An effective film adaptation of the infamous book, this movie depicts an unusual and tragic story of childhood trauma.
1. This is the film version of the super-depressing, controversial cult novel by J.T. Leroy (the bizarre story of the author is a completely different topic). While the book consists of 10 distinct but connected short stories, the movie sews them all together into a more-or-less coherent story.
2. This low-budget, independent movie follows the childhood of a boy named Jeremiah, and how he is repeatedly abused and dehumanized in just about every way, by just about every adult in his life, as his mentally unstable mother wrecks their world.
3. The movie should come with a trigger warning for child abuse.
4. It was directed by Asia Argento, the daughter of the super-famous Italian movie-maker Dario. Asia also stars as the drug addicted prostitute who is unable to stop emotionally abusing her son. Her performance is scorching and furiously effective.
5. Jeremiah was played by three boys - Jimmy Bennett played him as a little kid, and then twins Dylan and Cole Sprouse played the older character. All the performances were heartbreaking and everybody should have won an award.
6. There are cameos and small roles by a number of actors who are famous in their own circles; Jeremy Sisto, Ben Foster, and Michael Pitt (more hardcore indie film fans will recognize Kip Pardue and John Robinson). Peter Fonda is notable as Jimmy's grandfather, the abusive head of a religious cult. Fans of Jeremy Renner may be surprised to know that way before he became a superhero, he was a child molester in this movie. Winona Ryder has a great few minutes playing an insensitive social worker.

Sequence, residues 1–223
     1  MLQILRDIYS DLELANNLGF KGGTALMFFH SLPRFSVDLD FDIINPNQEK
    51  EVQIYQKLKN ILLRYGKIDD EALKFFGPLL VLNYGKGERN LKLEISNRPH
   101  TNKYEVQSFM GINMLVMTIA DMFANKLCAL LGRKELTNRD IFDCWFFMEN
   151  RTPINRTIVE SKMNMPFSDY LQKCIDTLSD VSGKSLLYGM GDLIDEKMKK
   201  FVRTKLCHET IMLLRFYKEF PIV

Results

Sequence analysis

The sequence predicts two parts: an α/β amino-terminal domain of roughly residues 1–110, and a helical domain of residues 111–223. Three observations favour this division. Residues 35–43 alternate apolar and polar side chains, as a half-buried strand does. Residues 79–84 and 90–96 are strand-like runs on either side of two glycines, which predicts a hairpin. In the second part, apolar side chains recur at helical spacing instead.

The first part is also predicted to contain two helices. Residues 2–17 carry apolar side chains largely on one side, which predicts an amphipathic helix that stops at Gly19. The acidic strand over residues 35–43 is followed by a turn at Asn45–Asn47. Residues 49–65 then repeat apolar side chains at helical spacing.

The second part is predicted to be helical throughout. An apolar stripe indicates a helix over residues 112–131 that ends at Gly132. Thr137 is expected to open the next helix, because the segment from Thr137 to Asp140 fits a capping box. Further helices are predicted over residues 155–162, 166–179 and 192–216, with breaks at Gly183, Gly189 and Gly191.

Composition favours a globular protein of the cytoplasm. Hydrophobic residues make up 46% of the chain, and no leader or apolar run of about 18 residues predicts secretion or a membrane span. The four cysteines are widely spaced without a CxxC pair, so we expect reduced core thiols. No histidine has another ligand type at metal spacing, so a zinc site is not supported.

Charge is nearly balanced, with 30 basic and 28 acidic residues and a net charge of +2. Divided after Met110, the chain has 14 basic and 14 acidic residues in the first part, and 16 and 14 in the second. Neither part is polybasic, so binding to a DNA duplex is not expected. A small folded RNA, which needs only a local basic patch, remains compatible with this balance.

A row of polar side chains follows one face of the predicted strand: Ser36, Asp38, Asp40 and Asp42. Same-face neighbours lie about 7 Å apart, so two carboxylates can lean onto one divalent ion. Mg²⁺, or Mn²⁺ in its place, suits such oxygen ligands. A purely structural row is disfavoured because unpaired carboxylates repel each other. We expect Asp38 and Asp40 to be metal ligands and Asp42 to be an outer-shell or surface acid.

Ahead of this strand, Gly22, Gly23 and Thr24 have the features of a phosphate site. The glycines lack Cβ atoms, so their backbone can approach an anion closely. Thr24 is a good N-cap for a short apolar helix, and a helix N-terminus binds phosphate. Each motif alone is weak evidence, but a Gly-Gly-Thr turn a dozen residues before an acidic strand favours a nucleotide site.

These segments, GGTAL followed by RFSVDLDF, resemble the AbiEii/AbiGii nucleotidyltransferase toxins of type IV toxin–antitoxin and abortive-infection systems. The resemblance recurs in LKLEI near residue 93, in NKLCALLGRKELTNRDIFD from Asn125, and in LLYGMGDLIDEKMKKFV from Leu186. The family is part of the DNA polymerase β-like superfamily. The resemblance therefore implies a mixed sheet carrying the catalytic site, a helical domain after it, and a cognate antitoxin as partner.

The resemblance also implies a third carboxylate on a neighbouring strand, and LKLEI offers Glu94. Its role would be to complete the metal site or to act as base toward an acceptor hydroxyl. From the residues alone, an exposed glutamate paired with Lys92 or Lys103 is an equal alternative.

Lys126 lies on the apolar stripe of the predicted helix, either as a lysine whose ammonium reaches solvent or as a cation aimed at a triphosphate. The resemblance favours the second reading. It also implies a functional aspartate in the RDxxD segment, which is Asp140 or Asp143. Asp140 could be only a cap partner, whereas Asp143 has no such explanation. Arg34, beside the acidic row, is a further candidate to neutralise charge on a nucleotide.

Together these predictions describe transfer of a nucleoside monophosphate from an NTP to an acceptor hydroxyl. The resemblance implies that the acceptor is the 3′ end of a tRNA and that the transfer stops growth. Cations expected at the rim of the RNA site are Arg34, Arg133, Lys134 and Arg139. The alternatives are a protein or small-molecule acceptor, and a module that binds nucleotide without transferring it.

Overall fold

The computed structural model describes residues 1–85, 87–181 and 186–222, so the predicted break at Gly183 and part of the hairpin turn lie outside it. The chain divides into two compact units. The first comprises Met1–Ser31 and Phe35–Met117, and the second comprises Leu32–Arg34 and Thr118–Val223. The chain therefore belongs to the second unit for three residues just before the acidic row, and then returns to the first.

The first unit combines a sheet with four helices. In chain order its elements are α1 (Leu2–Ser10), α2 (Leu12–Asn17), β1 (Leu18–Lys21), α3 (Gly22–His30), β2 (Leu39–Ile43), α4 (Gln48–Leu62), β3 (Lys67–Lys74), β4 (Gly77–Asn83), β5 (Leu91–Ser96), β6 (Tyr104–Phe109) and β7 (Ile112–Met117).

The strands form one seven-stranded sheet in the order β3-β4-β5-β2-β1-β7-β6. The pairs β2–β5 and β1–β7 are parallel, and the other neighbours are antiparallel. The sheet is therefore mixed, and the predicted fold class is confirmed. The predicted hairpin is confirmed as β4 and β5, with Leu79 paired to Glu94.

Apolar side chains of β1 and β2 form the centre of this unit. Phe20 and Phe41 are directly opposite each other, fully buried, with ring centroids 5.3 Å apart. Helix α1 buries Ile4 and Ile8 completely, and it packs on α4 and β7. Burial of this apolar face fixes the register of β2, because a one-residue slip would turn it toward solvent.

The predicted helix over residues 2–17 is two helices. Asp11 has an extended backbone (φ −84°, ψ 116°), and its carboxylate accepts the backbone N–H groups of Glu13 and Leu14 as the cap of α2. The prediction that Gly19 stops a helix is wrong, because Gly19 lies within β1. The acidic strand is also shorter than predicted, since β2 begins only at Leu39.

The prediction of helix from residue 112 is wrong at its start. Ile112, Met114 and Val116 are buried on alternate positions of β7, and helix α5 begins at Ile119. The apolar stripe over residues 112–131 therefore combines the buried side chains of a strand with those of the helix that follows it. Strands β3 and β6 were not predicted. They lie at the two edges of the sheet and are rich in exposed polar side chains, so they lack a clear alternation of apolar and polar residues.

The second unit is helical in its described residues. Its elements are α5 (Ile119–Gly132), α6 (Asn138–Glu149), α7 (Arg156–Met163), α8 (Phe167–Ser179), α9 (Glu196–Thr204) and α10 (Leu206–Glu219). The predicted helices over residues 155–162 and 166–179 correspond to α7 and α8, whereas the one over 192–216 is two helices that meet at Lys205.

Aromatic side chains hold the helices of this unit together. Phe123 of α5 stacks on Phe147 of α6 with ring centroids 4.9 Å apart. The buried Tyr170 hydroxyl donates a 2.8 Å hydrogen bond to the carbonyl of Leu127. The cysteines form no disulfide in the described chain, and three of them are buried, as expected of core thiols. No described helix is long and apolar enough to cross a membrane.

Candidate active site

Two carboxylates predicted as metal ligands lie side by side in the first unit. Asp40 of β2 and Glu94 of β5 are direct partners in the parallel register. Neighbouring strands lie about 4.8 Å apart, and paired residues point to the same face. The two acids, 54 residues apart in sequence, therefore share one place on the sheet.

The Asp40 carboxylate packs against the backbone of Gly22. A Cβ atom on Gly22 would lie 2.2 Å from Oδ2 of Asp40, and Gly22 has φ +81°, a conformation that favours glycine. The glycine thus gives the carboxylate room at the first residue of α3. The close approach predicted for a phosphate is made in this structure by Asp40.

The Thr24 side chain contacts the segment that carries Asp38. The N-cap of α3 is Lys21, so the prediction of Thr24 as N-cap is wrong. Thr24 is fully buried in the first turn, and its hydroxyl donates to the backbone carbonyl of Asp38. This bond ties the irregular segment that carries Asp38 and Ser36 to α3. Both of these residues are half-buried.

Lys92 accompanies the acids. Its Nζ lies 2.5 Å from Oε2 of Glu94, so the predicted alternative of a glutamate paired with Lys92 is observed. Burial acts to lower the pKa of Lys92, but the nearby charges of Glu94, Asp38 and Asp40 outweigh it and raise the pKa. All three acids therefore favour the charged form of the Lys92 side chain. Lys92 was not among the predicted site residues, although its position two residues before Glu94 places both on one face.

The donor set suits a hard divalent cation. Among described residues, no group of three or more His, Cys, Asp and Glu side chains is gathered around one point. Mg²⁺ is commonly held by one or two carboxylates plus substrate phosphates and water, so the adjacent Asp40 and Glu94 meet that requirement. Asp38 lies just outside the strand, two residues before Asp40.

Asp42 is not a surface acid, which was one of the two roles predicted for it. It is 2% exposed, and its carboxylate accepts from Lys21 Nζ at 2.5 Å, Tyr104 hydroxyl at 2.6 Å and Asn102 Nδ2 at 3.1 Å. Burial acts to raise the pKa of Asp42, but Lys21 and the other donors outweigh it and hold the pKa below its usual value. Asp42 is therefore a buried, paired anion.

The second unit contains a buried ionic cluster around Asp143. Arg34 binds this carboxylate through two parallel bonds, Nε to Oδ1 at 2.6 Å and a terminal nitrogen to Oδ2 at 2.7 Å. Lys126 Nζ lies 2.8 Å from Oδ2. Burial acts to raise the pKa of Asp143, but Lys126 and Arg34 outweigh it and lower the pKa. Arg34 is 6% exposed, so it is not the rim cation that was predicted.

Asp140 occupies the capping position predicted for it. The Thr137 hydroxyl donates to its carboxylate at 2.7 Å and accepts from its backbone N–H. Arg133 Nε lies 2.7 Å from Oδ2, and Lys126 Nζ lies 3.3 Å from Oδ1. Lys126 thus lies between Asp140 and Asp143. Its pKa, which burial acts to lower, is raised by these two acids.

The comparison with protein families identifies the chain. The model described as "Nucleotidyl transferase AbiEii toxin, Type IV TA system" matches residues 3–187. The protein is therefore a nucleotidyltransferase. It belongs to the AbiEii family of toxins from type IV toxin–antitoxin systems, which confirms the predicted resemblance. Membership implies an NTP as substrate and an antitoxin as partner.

7. The movie follows Jeremiah's mental confusion and developmental problems with more guts than most movies about child abuse. One of the emotional climaxes of the movie is a very disturbing encounter with trailer-park-trash Marilyn Manson.
8. By the time the movie spirals into a gender-bending, poison-filled psychological implosion, you see that Jeremiah's dehumanization is a symptom of a more wide-spread sickness of society in general (in a super-meta literary technique, Jeremiah himself is a symbol of the Bible verse that inspired the title of the book and movie).
9. The movie is hard to watch, but it's also almost impossible to turn away. An underground classic with a surprising cast, this is one of the best films I've seen about the mutilation of innocence, and the tragic ways that kids can adapt to almost anything.